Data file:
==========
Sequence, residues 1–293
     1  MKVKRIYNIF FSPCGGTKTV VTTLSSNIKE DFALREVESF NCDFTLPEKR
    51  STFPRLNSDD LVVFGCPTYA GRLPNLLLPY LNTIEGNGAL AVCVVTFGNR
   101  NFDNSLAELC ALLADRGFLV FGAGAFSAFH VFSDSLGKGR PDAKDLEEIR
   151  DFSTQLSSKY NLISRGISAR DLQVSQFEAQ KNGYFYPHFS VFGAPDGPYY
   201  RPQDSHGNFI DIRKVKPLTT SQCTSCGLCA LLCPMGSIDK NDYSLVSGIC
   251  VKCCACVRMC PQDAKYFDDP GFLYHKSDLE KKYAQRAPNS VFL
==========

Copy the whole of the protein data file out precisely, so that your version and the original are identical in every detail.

Sequence, residues 1–293
     1  MKVKRIYNIF FSPCGGTKTV VTTLSSNIKE DFALREVESF NCDFTLPEKR
    51  STFPRLNSDD LVVFGCPTYA GRLPNLLLPY LNTIEGNGAL AVCVVTFGNR
   101  NFDNSLAELC ALLADRGFLV FGAGAFSAFH VFSDSLGKGR PDAKDLEEIR
   151  DFSTQLSSKY NLISRGISAR DLQVSQFEAQ KNGYFYPHFS VFGAPDGPYY
   201  RPQDSHGNFI DIRKVKPLTT SQCTSCGLCA LLCPMGSIDK NDYSLVSGIC
   251  VKCCACVRMC PQDAKYFDDP GFLYHKSDLE KKYAQRAPNS VFL